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Questions about London

Here in this forum I've seen several expressions regarding the UK in general and London in particular that left me curious.

So, what is London's "hire and fire mentality"? While the name is self-explanatory, how does this relate in the real world? What does it really happen?

What are UK's degree mills? Fake universities that simply dish-out fake degrees or universities so weak one can't expect to leave them with any kind of knowledge whatsoever?

TIA
RP

RP
Saturday, March 20, 2004

Sounds like a pair of loaded questions to me.

Personally, I'm not aware of a hire and fire mentality... but I have just been with one company since I graduated 18 months ago.

Likewise, I'm not aware of the UK having "degree mills".  I am aware that UK degrees are often (but not always) shorter than European or American equivalents, especially a post-graduate level.  But I wouldn't say you could judge somebody's knowledge based on where/what degree they did anyway.

Care to expand on what you have heard?

Tom (a programmer)
Saturday, March 20, 2004

A degree mill is a non-accredited university. You write  send them a check and they will send you a nice piece of paper saying you have a Bachelors, Masters, or PhD with them. Some pretend to give you your degree based on your professional experience, so you send them a false or genune CV and that's it; others don't even bother with that stage.

As I mentioned earlier the University of Michigan publishes a 13 page .pdf file which lists the main ones. I have some further documentation on them if you are interested.

They can have an official base anywhere; in practise those that sell to US and Canadian citizens tend to base themselves in the UK or Europe, and vice-versa. You normally just need to open your junkmail folder to see hundreds of spam letters from them.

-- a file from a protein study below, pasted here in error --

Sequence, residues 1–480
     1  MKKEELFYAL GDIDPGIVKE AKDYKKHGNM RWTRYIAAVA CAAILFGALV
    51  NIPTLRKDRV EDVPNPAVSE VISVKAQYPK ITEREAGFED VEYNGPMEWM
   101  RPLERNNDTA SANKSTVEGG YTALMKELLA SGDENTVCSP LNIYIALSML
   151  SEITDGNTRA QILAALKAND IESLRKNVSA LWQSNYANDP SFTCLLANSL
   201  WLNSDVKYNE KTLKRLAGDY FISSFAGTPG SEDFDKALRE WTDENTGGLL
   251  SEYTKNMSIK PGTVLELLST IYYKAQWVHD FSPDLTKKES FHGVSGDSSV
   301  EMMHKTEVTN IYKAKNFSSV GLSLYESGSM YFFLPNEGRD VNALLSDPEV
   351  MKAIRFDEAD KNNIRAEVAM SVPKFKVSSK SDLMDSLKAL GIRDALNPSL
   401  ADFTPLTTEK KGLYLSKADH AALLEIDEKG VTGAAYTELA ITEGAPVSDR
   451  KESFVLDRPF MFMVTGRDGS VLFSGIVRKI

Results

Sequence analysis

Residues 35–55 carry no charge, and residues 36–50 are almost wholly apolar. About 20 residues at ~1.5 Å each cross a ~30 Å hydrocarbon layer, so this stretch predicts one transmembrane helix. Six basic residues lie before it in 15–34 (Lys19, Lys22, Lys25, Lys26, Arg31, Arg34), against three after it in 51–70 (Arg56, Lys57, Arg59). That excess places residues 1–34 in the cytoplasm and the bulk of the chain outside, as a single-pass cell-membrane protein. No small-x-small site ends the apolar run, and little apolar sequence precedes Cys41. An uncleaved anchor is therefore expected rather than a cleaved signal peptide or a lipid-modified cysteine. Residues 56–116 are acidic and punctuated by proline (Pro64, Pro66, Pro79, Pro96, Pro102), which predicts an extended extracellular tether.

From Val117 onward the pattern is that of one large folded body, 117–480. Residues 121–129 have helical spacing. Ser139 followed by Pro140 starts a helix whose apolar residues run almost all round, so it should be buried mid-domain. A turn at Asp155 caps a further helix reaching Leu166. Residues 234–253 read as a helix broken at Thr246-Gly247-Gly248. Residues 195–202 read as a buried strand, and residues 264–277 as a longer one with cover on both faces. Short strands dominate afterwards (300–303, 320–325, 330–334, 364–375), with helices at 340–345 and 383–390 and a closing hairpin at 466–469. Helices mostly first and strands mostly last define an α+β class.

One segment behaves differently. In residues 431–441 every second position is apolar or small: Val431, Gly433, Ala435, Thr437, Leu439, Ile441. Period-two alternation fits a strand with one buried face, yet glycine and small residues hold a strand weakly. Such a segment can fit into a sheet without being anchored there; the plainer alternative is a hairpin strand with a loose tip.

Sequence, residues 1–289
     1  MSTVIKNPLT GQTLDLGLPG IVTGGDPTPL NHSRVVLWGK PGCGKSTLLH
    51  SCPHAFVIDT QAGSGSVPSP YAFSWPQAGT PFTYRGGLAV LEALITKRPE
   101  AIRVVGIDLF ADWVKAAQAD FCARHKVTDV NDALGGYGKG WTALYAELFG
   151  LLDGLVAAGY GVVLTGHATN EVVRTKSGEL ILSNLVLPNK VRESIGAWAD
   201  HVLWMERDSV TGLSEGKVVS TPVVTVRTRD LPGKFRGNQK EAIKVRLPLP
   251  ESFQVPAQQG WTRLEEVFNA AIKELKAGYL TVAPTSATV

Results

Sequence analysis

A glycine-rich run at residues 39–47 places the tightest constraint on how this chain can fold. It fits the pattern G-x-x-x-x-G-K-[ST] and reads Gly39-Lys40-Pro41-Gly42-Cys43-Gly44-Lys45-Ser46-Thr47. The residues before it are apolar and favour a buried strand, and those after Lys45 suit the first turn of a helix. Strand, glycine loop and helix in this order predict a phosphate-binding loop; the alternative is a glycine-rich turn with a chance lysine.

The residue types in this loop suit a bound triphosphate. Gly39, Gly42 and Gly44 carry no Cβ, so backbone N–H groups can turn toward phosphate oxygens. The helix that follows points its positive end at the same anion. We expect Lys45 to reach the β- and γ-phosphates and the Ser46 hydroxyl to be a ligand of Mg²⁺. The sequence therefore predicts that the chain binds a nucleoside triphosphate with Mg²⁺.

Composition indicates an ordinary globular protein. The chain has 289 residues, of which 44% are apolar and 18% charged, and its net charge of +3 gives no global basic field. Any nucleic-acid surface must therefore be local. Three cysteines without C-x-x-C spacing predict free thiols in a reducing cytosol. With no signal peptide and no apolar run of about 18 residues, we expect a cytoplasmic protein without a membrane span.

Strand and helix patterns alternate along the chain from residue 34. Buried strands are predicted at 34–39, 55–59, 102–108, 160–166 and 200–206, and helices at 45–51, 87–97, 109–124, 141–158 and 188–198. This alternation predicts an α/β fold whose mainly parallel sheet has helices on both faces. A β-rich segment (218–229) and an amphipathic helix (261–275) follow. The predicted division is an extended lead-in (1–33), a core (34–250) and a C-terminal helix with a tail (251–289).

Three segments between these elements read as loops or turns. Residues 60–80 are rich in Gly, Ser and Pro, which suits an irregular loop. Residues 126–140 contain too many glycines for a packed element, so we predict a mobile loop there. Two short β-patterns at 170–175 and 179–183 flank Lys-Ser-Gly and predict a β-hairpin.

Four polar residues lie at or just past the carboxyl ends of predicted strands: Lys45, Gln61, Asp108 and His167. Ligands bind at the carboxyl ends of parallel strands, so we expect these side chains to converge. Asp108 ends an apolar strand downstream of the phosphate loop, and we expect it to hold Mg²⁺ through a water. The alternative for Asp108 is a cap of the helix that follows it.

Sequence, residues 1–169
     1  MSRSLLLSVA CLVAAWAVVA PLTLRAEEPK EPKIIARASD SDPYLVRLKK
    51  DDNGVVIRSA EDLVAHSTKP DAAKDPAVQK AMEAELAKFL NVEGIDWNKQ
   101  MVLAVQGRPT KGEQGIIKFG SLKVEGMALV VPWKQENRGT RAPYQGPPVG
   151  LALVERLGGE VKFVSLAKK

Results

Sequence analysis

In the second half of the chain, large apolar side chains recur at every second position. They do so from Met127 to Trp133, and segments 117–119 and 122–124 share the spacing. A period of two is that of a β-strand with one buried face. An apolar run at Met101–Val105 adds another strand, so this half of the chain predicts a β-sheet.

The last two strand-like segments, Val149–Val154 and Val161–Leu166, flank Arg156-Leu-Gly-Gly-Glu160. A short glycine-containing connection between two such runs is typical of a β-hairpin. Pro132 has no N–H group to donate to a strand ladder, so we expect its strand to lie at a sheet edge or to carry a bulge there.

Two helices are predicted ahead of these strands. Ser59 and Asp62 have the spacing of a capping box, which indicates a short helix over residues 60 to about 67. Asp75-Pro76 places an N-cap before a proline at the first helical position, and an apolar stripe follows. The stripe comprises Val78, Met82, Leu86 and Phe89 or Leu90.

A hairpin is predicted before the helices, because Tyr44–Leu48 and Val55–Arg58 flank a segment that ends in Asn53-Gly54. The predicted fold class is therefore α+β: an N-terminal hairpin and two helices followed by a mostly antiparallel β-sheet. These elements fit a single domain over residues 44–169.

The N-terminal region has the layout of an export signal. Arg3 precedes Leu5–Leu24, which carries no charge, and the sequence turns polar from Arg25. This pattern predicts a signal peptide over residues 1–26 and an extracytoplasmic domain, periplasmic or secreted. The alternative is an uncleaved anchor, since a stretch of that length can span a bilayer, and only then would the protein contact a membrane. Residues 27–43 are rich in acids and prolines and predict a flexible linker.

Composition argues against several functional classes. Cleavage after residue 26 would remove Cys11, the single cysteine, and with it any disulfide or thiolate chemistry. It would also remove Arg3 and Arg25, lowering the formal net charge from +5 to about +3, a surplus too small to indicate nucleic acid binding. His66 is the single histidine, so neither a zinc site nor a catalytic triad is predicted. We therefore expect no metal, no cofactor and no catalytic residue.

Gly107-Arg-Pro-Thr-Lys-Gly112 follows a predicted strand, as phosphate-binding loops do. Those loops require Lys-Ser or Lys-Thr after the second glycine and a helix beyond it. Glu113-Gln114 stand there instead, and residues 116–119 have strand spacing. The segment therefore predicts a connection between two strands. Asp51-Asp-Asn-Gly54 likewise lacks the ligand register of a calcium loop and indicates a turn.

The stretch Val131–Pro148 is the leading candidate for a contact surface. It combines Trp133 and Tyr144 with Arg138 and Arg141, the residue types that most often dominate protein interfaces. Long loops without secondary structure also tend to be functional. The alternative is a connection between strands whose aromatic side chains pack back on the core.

Some would say that there are universitites where it would cause no lowering of academic standards if they posted you the degree when you applied and saved everybody the hassle of three years study, but that is another matter (and hell: if you spend three years getting pissed, stoned and screwed at college its called preparation for life, or networking or whatever, whilst outside college it's just anti-social behaviour).

Stephen Jones
Saturday, March 20, 2004

There is another aspect of a degree mill in that it aids illegal workers. Obviously, for citizens of countries that find it hard to get visas to the UK, enrollment at a degree mill means that you pay an amount and then have time to work someplace without irritating attendance requirements and so on.

At the end of it, you earn money working and you also have a degree certificate.

I don't think this is specific to London or even the UK, though.

deja vu
Saturday, March 20, 2004

You don't enroll at  a degree mill. They normally work from a PO Box number or a shared office somewhere.

In the Uk it is fairly common for foreigners to enroll in a course of study that enables them to work parttime and then work full time and scarcely ever turn up to class, but these institutions are recognized educational institutions.